As promised, “bad dudes” are getting kicked out of the country, President Donald Trump told manufacturing CEOs at a recent meeting.
“You see what’s happening at the border, all of a sudden for the first time, we’re getting gang members out, we’re getting drug lords out. We’re getting really bad dudes out of this country, and at a rate that nobody’s ever seen before,” Trump said Feb. 23. “And they’re the bad ones. And it’s a military operation, because what has been allowed to come into our country when you see gang violence that you’ve read about like never before, and all of the things, much of that is people that are here illegally. And they are rough, and they’re tough, but they’re not tough like our people. So we are getting them out.”
Trump’s comments are partially accurate, but he also leaves out details. We’ll give more context to his comments.
For a start, the military will not be used for deportations, Department of Homeland Security Secretary John Kelly has clarified. Trump just used the term “military operation,” as an adjective, to indicate “it’s happening with precision,” said Trump’s press secretary, Sean Spicer.
We also wanted to know how much Trump’s policies are different from what happened under the Obama administration. There are some similarities, but there are some key differences, too.
Trump is known for referring to immigrants convicted of crimes as “bad hombres” and “bad dudes.”
At a press conference Feb. 13 with Canadian Prime Minister Justin Trudeau, Trump said his immigration officers were at work getting criminals out of the country.
“I said at the beginning we are going to get the bad ones — the really bad ones, we’re getting them out. And that’s exactly what we’re doing,” Trump said.
But criminals have been deported before Trump took office. At least 2,000 people deported last fiscal year were suspected or confirmed gang members, according to immigration officials.
The same day as the press conference with Trudeau, Kelly issued a statement saying U.S. Customs and Immigration Enforcement had conducted a series of targeted enforcement operations the week before in the areas of five major cities: Los Angeles, Chicago, Atlanta, San Antonio and New York City. Some regional operations were done over the course of two, five or seven days. In total, more than 680 people were arrested. About 75 percent of them had been convicted of crimes that included but were not limited to homicide, drug trafficking and aggravated sexual abuse, Kelly said.
A sample of the arrests, according to ICE:
• 235 arrested by agents from ICE’s Chicago office: 163 had criminal convictions.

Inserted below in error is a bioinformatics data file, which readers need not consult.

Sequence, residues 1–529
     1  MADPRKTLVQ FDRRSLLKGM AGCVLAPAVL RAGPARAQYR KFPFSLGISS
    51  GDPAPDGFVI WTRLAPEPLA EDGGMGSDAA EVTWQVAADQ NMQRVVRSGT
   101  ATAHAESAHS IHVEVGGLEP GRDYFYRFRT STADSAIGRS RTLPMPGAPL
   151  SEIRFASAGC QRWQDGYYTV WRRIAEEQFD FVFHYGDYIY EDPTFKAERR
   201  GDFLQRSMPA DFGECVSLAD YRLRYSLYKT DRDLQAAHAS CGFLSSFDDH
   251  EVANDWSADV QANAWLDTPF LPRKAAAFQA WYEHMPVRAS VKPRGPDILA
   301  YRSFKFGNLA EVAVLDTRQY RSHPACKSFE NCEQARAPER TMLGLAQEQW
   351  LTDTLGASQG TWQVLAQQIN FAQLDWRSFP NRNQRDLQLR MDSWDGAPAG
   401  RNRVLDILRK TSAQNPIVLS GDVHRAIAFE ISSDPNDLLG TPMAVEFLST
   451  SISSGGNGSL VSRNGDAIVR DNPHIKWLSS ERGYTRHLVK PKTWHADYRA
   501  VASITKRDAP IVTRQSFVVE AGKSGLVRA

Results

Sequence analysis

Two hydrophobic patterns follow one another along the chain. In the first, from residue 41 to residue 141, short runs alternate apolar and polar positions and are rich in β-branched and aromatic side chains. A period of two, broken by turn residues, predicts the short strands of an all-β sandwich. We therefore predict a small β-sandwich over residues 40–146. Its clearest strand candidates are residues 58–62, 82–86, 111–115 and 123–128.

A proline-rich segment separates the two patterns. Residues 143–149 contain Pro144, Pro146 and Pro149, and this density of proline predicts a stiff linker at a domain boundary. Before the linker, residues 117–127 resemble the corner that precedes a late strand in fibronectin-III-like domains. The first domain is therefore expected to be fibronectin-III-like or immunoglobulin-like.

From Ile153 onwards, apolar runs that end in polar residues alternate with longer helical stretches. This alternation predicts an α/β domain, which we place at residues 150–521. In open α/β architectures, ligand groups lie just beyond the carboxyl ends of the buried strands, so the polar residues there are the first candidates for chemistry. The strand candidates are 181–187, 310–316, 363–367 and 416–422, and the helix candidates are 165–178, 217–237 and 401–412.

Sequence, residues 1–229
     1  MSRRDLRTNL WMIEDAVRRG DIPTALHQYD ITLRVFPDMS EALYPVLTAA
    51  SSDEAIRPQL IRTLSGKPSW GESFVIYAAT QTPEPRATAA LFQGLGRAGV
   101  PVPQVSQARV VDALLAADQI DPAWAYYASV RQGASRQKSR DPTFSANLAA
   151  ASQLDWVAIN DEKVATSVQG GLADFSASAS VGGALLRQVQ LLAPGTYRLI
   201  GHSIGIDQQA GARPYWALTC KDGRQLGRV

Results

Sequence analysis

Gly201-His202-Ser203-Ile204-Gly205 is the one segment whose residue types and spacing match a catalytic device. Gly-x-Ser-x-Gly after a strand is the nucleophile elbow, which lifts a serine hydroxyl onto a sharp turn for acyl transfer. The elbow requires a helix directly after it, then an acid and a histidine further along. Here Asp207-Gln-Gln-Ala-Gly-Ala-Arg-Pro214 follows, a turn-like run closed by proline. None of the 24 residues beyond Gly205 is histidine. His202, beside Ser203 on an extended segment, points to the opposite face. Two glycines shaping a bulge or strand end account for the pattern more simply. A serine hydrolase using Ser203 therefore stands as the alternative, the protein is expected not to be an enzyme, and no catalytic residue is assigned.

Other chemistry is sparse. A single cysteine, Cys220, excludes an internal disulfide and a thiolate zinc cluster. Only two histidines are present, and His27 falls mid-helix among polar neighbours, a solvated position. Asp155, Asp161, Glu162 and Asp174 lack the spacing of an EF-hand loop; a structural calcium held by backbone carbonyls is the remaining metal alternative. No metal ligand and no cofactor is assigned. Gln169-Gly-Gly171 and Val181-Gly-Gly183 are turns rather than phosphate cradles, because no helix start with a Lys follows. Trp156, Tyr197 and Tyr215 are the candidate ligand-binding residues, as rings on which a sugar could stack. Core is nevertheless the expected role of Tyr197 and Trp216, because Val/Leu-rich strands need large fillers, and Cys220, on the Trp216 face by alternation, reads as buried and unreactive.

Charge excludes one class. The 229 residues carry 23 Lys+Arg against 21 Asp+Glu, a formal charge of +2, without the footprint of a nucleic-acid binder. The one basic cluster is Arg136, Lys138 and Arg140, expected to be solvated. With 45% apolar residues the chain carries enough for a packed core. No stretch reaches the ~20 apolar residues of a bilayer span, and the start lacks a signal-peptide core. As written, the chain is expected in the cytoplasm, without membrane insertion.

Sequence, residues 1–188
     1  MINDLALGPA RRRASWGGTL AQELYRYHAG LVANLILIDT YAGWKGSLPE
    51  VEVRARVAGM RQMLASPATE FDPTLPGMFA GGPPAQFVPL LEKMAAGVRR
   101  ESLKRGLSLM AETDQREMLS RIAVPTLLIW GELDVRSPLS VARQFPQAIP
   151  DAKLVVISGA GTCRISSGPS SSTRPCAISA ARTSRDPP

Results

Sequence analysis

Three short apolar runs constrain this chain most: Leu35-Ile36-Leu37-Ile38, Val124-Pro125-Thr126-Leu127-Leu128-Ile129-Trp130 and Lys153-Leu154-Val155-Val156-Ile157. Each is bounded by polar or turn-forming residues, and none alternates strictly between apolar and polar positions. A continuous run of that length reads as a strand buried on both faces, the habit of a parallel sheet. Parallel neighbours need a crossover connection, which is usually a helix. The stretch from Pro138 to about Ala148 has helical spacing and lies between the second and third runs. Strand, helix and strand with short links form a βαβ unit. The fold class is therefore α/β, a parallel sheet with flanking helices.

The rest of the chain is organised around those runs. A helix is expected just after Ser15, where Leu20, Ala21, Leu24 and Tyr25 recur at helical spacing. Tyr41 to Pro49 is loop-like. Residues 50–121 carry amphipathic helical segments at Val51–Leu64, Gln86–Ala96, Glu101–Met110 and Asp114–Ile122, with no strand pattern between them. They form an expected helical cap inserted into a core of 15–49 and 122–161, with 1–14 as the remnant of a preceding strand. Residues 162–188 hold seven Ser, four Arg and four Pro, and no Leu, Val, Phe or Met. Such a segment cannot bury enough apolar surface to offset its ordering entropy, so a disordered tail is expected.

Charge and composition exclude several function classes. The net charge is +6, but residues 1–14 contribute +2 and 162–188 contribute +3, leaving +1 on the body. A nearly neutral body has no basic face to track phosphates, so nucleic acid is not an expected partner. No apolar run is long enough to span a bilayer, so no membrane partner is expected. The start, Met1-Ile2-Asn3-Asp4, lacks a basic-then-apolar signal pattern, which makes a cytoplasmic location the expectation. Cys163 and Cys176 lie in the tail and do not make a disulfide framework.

• 161 arrested in the Los Angeles area: 151 had criminal convictions.
• 51 arrested in the San Antonio area: 23 had criminal convictions.
Data on overall arrests and removals is not yet publicly available.
Kelly said targeted enforcement operations are routine and have been going on for years.
Targeted operations under Obama
An ICE fact sheet also issued Feb. 13, highlighted several past arrests of convicted criminals during “Cross Check” operations.
2015: A national 5-day operation that resulted in the arrest of more than 2,059 convicted criminals (58 were known gang members or affiliates, 89 were convicted sex offenders.)
2012: A national 6-day operation that led to the arrest of more than 3,100 people, including 2,834 individuals who had prior criminal convictions (50 were gang members, 149 convicted sex offenders.)
2011: A national 7-day operation were 2,901 individuals were arrested (42 were gang members, 151 were convicted sex offenders.)
More people were arrested in these operations, but they were of larger, national scale. Trump’s focused on five regions.
In fiscal year 2016 (Oct. 1, 2015 through Sept. 30, 2016) ICE carried out 240,255 removals (includes people apprehended by ICE in the interior of the country and by border patrol at or between ports of entry). Of that total, 2,057 were suspected or confirmed gang members, according to the agency.
In fiscal 2016, ICE said that 65,332, or 92 percent of people apprehended by ICE officers and removed from the country were convicted criminals.
Randy Capps, director of research of U.S. programs at Migration Policy Institute, said the recent February targeted operations were similar or even smaller in scale to operations done at times during former President Barack Obama’s administration.
“So the scale of the operation was not significantly larger than anything we’ve seen in the recent past,” Capps said. “It remains to be seen whether the Trump administration will increase the scale of such operations, and if so by how much.”
Without statistics yet on overall ICE arrests and removals, it’s difficult to tell whether Trump has increased the scale of arrests or removals in other ways, Capps added.
For reference: from fiscal years 2013 to 2016, the percentage of ICE interior removals of individuals with criminal convictions ranged from 82 to 92.
In February’s operations, the share of those arrested with criminal records was 75 percent.
Sen. Bob Menendez, D-N.J., claimed the recent targeted operations did not lead to arrests only of criminals and said the enforcement was “not business as usual.” We rated that Half True as there were reports of people in violation of immigration laws but without criminal convictions being arrested, though for the most part operations focused on people who committed crimes.
• An overview of immigration executive orders signed by Trump and implementation memos issued by the secretary of Homeland Security.
• Trump’s campaign promise to triple the number of ICE officers is In the Works, he has signed an executive order authorizing it, but hirings still need to happen.
• Plans to build a border wall and have Mexico pay for it are still a campaign promise In the Works. An executive order signed by Trump directed its construction, but Mexico has not conceded to footing the bill.
Source: Politi Fact